Council delays new faith school decision after Humanists UK objects to consultation
Kingston upon Thames Council has delayed a decision on whether to approve a new Church of England school after Humanists UK objected to irregularities in how local people were consulted about the proposal. In essence, the local Diocese solicited all responses to the proposal to come to them, rather than to the Council – which is what is required under Government guidance. This is a big problem because the proposers then analysed the results themselves in a report they prepared for the Council to make a decision – effectively marking their own homework.
Humanists UK wrote to the Council to explain the issues, pointing out that the guidance states the consultation must be ‘appropriate, fair, and open’, that ‘during the representation period any person or organisation can submit comments on the proposal to the [local authority], to be taken into account by the decision-maker’, and that ‘the decision-maker must consider ALL the views submitted during the representation period’. Humanists UK also pointed out that it was possible that the Council was making its decision based on incomplete information about the opinions of those most affected by the plan.
As a result, the Council withdrew the item from the agenda of last night’s Children’s and Adults’ Care and Education Committee pending review.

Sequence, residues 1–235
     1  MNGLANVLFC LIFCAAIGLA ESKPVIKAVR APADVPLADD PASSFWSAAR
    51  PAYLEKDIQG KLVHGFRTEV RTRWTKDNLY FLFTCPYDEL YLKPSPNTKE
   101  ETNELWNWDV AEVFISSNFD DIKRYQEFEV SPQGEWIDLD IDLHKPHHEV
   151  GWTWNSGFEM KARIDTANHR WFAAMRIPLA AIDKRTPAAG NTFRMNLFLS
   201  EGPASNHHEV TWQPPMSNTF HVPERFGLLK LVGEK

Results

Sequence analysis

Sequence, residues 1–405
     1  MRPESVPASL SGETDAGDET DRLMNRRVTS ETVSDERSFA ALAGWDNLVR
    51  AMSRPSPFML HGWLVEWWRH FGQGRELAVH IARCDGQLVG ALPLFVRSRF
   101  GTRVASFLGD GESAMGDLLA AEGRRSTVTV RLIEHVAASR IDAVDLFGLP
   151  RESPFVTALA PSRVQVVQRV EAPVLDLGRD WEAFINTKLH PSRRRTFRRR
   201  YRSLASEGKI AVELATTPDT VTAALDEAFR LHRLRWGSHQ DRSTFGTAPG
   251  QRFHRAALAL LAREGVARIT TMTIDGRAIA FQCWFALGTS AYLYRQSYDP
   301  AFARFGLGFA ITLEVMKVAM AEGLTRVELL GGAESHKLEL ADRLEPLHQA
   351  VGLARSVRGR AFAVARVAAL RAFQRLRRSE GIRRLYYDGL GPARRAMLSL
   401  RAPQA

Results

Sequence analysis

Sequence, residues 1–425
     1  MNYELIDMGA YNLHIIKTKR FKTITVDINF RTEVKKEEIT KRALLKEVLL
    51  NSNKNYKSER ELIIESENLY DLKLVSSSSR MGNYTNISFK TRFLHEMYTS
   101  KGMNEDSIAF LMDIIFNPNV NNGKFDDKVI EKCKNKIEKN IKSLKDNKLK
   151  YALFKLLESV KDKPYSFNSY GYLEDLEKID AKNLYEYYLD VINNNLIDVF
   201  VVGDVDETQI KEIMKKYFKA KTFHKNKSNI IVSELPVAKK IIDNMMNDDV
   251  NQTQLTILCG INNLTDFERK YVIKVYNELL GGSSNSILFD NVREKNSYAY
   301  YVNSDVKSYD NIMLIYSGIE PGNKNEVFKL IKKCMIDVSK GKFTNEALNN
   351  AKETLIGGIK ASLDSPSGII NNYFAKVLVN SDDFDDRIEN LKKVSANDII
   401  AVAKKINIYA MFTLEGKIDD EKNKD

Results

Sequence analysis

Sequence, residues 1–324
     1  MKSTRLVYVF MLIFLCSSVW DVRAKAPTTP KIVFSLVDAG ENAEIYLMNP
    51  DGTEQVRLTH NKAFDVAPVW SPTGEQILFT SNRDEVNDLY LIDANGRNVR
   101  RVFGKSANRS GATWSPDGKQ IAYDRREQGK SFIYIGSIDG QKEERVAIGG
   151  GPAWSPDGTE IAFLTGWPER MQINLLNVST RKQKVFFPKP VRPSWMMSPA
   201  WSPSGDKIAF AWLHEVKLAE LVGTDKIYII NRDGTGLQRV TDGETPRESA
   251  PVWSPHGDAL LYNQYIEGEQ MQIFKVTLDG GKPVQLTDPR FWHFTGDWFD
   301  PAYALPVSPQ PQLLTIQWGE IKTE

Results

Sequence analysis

Humanists UK Education Campaigns Manager Dr Ruth Wareham commented:
‘Local people have a legal right to be consulted on any new school that is proposed for their area and the statutory guidance on this matter says this must be carried out in a fair and open manner. By allowing the Diocese to run their own representation period, the Council effectively gave the proposers of the school the opportunity to mark their own homework. Had they gone ahead and approved the school on this basis, this would almost certainly have been unlawful. We are pleased they heeded our warning on this matter.
‘However, when they do revisit this proposal, we would strongly urge them to reject it. As a voluntary aided faith school, this school, once approved, will be able to legally select all its places on the basis of faith. This is despite the fact that the entire project will be funded by the public purse.’